There are quite a number of contributing factors to brush breakdown. 

A shaving brush can last 10 years or more with proper care. Bristles break or bend and glue breaks down over time. Brushes can also harbor mold or simply lose their backbone. Synthetic bristles do not break down the same way as natural fibers.

Brushes are made with a variety of fibers to include but not limited to:


Synthetic bristles are commonly constructed of plastic or nylon and will last much longer than natural fibers. Great progress has been made within synthetic brushes and some even rival badger brushes.

Being rather homogeneous in composition, synthetic brushes tend not to hold water the same as natural brushes which means they can dry quickly when stored but will not hold a lather with the same efficiency. Some synthetic bristles are crimped as a means to hold moisture.

The same considerations should be made in terms of the frequency of use and also the quality of the brush. Aggressive pressure will eventually take its toll but with proper maintenance, a synthetic brush could potentially last several decades if not indefinitely.


Badger hair is sourced from the neck of badgers and comes in a variety of qualities. The quality, ideally, is determined by if 100% hair from the neck or blend from other parts.

The manufacturing, by either machine or by hand, will also affect the quality of the brush’s effectiveness as handmade brushes endure longer than those that are machine-produced. The quality of the brush will be the first indication of longevity.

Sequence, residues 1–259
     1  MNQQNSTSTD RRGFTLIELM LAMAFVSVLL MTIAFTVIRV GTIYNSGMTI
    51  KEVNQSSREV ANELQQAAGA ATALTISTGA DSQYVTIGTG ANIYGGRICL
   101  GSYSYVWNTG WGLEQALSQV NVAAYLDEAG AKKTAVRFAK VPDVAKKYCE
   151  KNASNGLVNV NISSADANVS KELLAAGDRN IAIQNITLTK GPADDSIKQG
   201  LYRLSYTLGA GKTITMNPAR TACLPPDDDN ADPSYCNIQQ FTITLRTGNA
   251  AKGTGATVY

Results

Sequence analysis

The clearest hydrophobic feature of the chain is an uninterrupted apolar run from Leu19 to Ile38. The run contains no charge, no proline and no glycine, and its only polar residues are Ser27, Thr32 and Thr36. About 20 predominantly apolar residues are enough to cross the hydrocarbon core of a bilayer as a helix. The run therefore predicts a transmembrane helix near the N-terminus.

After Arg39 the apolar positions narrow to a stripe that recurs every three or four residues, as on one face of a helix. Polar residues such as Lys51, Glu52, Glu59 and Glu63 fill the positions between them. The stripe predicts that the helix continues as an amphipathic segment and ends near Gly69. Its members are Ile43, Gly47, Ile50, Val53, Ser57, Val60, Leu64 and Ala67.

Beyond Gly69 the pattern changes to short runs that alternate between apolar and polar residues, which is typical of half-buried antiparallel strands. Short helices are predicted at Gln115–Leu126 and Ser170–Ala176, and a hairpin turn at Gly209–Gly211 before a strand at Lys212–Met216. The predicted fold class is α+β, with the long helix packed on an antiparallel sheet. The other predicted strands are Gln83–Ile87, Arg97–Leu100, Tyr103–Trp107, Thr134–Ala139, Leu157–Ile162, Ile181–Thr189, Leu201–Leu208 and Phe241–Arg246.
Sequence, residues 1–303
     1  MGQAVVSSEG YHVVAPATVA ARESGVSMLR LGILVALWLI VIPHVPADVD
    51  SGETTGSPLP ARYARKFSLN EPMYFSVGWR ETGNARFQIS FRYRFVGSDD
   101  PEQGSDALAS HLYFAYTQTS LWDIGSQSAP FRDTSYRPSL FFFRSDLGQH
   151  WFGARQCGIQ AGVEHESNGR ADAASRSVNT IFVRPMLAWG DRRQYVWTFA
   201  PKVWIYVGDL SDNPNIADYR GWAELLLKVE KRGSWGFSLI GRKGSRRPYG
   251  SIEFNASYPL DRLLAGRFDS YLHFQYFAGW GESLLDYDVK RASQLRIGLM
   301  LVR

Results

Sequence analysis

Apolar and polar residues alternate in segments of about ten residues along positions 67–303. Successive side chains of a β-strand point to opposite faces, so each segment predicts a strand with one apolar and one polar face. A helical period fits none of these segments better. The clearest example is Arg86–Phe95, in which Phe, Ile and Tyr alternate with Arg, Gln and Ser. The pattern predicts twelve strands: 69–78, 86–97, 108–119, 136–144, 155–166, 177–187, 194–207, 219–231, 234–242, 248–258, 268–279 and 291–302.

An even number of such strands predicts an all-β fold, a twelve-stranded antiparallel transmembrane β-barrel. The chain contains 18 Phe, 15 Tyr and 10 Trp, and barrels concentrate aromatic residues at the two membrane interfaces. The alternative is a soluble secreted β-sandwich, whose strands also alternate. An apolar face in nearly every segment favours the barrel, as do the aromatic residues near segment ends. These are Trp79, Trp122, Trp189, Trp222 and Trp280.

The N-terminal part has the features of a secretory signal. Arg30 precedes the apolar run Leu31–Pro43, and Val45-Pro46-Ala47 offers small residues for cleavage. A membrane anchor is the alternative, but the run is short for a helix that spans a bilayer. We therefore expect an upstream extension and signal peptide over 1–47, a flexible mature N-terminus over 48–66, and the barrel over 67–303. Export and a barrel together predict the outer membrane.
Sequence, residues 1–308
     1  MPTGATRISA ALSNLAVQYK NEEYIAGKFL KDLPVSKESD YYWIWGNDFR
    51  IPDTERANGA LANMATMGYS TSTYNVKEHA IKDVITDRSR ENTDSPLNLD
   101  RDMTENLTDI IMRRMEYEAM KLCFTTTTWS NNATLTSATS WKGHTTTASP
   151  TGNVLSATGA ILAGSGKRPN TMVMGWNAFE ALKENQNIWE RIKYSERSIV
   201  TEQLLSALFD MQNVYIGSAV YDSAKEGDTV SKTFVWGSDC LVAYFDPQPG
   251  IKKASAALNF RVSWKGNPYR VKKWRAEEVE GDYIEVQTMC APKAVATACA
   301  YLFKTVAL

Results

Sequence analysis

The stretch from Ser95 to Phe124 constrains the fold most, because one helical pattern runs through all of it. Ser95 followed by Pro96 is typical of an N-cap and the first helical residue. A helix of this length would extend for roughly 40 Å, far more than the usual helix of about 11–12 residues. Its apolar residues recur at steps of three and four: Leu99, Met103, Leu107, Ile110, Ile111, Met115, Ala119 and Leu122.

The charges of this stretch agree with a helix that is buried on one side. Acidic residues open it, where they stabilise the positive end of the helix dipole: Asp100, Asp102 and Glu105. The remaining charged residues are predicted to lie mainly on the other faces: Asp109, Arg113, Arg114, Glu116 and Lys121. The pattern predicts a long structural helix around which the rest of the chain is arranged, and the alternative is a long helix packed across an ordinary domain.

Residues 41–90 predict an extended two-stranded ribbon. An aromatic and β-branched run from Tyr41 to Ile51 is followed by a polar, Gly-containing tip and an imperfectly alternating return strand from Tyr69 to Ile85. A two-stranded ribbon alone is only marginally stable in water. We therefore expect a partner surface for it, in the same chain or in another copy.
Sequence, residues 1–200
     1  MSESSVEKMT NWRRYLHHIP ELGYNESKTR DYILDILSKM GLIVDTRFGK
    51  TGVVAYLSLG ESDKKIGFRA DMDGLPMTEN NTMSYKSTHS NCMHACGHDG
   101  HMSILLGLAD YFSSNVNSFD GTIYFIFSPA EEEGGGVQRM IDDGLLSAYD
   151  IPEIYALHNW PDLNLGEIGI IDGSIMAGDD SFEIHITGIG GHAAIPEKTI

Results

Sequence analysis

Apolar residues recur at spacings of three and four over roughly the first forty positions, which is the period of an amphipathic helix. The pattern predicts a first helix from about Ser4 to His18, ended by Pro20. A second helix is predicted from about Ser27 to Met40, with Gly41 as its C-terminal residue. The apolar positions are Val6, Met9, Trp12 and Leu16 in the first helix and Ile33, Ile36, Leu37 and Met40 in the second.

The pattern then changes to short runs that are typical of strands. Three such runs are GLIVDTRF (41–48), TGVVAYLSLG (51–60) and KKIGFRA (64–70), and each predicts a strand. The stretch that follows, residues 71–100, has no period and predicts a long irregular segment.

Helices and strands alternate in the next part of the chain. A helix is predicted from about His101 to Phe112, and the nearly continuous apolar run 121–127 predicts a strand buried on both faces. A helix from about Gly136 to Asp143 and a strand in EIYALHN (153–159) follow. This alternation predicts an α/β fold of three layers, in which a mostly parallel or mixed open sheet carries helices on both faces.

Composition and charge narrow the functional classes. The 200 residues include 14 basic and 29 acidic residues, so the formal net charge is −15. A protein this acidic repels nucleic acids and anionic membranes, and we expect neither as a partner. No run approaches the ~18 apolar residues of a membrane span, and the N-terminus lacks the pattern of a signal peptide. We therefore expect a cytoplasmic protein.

Badger brushes can last 10-15 years or longer.

Other animal hair brushes

Boar and horse are common natural alternatives to badger hair but sometimes goat, camel, and raccoon may be found. Makeup brushes more commonly use softer hair such as rabbit or sable.

The composition of the brush can be a blend of two or more styles of hair in order to mimic the softness, water retention, and backbone of natural badger. Guard hair is most commonly used in shaving brushes. Underfur, like your pet’s dander, does not have enough backbone to create or support a lather.

Boar and horse brushes require a break-in period and sometimes a pre-shave soak. Boar bristles begin to split which causes the brush to soften after a few shaves. Horse hair, from either the mane or tail, tends to be the middle ground between boar and badger.

Boar brushes have been known to last several decades.

How do you maintain a shaving brush?

Proper maintenance is key to keeping your brush going for the duration.

Proper brush maintenance includes deep cleaning, drying, and storage. Storing a wet or damp brush can potentially lead to a build-up of mold.

The keys to shaving brush care and maintenance are:

  • Deep cleaning
  • Breaking in
  • Drying
  • Storing
  • Rotating or alternating brushes

Deep cleaning

Keep in mind that you should always have a routine to clean your shaving brush. If the brush is new from the factory, especially if it is natural, it may be a bit musky and a used brush may be contaminated with any sort of substance including dust. Synthetic brushes should still be cleaned to help remove potential oil.